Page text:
Automating the Processes of Inference and Inquiry

7:07 pm Intelligent Systems, News, Presentations

In September 2009, Kevin Knuth (President, Autonomous Exploration, Inc.) was invited to present a talk titled “Automating the Processes of Inference and Inquiry” at the From Game Theory to Game Engineering Workshop, Oxford-Man Institute of Quantitative Finance, Oxford, UK.  This talk discussed the foundation of automated inference and inquiry and its application to game theory.

The talk involved a demonstration of an autonomous robot that designs its own experiments using Bayesian Adaptive Exploration.

An abstract follows below:

Automating the Processes of Inference and Inquiry

Kevin H. Knuth
Associate Professor of Physics and Informatics, University at Albany
President, Autonomous Exploration, Inc.

Most decision making processes must be performed in the face of uncertain or incomplete information.  It is critical to be able to make the best inferences one can under these situations, as well as to ask for additional information in an intelligent manner.  In this talk, I will introduce a unified framework for automated inference and inquiry based on Bayesian probability theory and Bayesian Adaptive Exploration.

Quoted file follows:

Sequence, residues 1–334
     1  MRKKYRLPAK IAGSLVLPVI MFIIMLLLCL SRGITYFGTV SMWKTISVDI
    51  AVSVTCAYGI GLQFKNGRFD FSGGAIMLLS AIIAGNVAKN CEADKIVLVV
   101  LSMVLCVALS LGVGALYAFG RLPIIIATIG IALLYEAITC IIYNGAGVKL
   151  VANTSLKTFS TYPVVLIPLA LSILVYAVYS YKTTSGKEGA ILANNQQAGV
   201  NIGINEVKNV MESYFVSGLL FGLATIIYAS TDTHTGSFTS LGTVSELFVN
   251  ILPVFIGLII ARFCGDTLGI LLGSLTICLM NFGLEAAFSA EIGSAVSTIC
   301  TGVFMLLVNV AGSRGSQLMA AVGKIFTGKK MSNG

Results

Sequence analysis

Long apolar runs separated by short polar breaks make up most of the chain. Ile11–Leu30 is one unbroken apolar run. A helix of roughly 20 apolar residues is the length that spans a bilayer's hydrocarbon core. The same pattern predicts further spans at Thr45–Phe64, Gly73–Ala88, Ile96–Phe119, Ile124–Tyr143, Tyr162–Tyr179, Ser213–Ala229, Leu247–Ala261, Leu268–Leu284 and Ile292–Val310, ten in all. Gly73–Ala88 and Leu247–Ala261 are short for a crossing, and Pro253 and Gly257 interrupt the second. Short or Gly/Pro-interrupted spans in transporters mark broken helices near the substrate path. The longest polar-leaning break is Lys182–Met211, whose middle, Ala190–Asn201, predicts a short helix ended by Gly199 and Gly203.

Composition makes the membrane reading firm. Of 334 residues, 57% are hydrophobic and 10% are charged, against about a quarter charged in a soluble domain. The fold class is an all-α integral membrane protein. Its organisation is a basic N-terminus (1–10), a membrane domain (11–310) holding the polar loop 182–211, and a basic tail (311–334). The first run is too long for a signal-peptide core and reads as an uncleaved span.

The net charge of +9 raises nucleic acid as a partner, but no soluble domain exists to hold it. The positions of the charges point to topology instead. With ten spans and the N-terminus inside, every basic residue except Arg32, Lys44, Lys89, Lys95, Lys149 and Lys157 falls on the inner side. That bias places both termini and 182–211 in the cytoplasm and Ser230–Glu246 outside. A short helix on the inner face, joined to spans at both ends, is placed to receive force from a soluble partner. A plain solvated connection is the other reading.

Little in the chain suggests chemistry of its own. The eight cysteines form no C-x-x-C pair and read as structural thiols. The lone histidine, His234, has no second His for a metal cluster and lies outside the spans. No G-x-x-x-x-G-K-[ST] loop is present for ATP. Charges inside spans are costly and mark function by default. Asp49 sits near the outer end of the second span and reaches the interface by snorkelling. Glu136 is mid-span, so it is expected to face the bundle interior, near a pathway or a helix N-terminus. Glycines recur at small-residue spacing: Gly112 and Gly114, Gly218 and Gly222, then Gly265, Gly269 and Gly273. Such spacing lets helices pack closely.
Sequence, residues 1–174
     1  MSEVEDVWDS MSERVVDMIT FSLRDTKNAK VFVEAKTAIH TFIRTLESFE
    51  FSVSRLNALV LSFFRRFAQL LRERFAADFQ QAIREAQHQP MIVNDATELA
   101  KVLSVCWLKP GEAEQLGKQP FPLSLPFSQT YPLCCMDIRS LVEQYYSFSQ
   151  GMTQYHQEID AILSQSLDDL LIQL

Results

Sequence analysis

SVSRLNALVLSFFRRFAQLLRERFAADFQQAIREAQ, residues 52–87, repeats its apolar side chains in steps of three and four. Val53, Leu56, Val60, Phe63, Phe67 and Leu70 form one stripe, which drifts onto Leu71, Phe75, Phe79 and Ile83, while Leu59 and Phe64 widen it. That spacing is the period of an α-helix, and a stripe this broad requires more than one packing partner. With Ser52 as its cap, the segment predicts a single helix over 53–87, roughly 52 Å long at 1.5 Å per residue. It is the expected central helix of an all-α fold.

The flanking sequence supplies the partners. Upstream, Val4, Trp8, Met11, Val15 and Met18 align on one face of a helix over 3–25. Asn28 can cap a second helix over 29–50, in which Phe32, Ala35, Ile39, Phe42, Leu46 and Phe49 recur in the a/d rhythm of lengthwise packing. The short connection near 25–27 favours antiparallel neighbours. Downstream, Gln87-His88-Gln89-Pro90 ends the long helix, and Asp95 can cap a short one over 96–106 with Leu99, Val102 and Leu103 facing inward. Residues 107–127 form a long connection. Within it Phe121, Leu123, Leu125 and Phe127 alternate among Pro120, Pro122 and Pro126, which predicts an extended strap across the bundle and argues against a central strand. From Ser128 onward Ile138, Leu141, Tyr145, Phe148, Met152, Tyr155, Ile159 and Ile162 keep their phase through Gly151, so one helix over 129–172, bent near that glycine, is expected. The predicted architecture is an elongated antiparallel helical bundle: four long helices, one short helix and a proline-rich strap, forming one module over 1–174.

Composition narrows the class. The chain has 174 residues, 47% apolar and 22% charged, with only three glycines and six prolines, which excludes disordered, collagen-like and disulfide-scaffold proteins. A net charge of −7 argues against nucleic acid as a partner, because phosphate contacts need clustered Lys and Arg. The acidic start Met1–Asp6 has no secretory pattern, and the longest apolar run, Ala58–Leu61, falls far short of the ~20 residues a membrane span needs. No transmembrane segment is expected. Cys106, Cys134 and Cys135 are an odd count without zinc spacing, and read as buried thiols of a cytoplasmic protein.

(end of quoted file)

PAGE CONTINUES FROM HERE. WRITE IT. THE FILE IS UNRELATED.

I will begin by considering a system described by a finite set of possible states, and from this I will derive the rules of rational inference by considering the lattice of possible statements that can be made about the system.  These rules result in Bayesian probability theory, but seen from a new perspective.  I will then introduce Bayesian Adaptive Exploration, which can be used to decide which new data to collect given what is currently known.

I will demonstrate the theory with a Bayesian machine (robot) that locates and characterizes shapes on a playing field.  The intelligent aspects of this machine rely on two systems: an inference engine and an inquiry engine. The inference engine simultaneously performs Bayesian model estimation and Bayesian parameter estimation by relying on the nested sampling algorithm. Meanwhile the inquiry engine performs experimental design by identifying the most relevant measurement given the current state of knowledge of the machine.  This is accomplished by quantifying the entropy of the possible experimental outcomes. This research represents a real-time implementation of a unified framework of inference and inquiry.

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